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Gelatissimo: From small family business to international success story

Brothers and joint Gelatissimo CEOs Domenico and Marco Lopresti have managed to take their small family business and turn it into an international success, one flavour at a time.

It’s not hard to imagine the best job in the world. Being paid to sit by a pool in the Bahamas all day, or perhaps eating ice cream. Fortunately for Marco and Domenico Lopresti, they’ve lucked out with the latter.

“We love what we do. I’m pretty sure that I speak for Marco as well. It’s not like we get up in the morning and we’ve got one of those jobs where you go damn, I’ve got to go to work, this is just an absolute passion,” Domenico confirms.

Passion for gelato

The passion for making quality gelato has been ingrained in the guys since they worked for their father’s gelato bar in Crows Nest in the early nineties. “The family learnt how to make gelato from cousins of ours from the south of Italy. Southern Italy is very well known for sweets and desserts, especially Calabria and Sicily. They’re very quality conscious of ingredients and making sure the finished product tastes incredibly good,” Domenico explains. “When dad started this gelato bar it was all about making sure people get quality product.”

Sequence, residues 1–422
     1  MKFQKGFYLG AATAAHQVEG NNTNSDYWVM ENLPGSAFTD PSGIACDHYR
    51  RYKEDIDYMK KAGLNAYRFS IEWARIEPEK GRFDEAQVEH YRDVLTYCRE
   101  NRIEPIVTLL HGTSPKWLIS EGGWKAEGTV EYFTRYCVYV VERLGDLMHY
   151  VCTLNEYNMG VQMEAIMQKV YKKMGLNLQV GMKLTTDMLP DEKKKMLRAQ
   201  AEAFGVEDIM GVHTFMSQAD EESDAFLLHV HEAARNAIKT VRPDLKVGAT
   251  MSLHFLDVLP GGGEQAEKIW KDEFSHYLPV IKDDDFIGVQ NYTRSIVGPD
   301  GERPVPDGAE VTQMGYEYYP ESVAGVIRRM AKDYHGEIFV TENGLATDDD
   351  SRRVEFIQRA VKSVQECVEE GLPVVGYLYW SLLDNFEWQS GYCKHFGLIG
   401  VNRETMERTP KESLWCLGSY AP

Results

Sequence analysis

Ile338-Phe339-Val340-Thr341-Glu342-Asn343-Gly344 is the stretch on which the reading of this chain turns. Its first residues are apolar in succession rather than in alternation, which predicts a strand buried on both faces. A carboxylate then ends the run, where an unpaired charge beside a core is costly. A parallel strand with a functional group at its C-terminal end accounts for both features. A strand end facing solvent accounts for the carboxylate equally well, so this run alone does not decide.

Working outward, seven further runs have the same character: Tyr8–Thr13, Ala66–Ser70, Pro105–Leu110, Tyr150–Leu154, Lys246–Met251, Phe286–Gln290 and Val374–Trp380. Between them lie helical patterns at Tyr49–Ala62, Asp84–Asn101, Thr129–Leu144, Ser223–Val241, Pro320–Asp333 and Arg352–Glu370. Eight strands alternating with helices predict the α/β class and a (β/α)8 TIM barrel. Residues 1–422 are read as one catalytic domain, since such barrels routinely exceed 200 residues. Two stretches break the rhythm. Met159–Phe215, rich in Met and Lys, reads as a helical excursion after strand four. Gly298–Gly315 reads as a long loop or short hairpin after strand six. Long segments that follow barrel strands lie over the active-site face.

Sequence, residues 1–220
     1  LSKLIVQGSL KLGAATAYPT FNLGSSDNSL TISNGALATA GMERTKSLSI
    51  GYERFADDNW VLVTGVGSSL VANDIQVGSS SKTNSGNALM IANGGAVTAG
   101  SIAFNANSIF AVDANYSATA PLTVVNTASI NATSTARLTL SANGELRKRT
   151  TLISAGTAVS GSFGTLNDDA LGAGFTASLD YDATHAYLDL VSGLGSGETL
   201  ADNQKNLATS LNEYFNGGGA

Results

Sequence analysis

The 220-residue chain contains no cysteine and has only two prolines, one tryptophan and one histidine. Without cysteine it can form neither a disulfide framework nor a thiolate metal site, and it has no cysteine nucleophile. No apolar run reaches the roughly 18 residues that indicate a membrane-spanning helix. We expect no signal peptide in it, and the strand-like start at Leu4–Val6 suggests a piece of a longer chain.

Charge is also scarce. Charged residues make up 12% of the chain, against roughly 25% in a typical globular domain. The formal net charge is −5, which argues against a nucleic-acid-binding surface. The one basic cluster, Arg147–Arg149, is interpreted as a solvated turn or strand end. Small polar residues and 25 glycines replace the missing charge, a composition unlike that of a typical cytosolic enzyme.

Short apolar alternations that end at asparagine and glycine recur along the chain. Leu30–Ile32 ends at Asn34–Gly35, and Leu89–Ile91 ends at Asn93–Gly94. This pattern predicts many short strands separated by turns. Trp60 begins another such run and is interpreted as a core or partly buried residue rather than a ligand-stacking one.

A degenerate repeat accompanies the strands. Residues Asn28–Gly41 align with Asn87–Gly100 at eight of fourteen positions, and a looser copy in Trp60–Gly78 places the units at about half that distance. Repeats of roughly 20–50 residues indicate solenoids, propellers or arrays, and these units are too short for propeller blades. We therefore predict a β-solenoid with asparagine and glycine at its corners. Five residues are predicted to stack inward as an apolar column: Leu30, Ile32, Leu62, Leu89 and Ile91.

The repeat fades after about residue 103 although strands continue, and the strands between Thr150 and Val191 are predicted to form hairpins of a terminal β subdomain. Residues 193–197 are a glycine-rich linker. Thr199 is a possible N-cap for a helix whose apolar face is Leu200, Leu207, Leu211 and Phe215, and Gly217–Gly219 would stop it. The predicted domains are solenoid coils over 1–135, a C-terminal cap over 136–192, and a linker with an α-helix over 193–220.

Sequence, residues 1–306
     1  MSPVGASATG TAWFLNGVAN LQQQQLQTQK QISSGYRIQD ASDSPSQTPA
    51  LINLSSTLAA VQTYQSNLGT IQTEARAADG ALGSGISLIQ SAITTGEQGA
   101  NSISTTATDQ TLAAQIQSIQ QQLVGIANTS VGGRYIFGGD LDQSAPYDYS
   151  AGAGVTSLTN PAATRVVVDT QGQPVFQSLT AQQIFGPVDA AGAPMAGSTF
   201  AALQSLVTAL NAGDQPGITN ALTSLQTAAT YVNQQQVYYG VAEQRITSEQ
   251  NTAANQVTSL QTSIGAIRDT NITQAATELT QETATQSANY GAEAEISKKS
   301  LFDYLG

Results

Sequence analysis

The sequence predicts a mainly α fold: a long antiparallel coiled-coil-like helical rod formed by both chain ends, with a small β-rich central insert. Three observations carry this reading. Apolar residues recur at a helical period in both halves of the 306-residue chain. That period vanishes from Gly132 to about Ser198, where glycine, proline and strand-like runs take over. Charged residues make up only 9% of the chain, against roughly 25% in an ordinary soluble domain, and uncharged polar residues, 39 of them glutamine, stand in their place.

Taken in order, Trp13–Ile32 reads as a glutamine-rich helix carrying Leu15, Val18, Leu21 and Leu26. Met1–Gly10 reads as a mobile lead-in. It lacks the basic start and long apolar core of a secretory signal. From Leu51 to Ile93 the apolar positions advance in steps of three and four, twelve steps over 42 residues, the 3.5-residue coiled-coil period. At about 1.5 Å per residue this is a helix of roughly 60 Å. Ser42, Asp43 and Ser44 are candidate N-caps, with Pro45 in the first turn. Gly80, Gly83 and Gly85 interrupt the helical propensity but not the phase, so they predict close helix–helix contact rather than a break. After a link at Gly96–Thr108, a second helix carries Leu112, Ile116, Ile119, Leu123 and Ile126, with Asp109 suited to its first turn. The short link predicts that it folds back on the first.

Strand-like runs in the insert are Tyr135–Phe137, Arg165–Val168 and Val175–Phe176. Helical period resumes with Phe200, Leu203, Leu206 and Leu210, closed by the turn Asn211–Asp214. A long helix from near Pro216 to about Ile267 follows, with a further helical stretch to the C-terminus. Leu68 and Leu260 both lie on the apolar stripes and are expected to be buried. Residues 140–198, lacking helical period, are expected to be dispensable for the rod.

After their father sold the bar, the new owners decided that they’d like to continue ordering their gelato, and a wholesale gelato business was born as new customers came on board. “I was working part-time as a waiter in a restaurant at Leichhardt and they knew that I made gelato during the day so they said ‘let’s try some’”, Domenico recalls. “I used to pack ice into the back of the car, make gelato and take it to the restaurant. I started to get to know a lot of people in Norton Street and I started to supply to people.

“Dad had another property that was empty at the time. We moved all the machines in and we set up a little freezer and bought a tiny little gelato truck and that’s how we started the wholesale business. It started to grow mostly because I did street fairs. We were the first ones to bring gelato into display cabinets on the streets and offering people tasters. I guess that’s where the beginning of some sort of retail idea started,” Domenico says.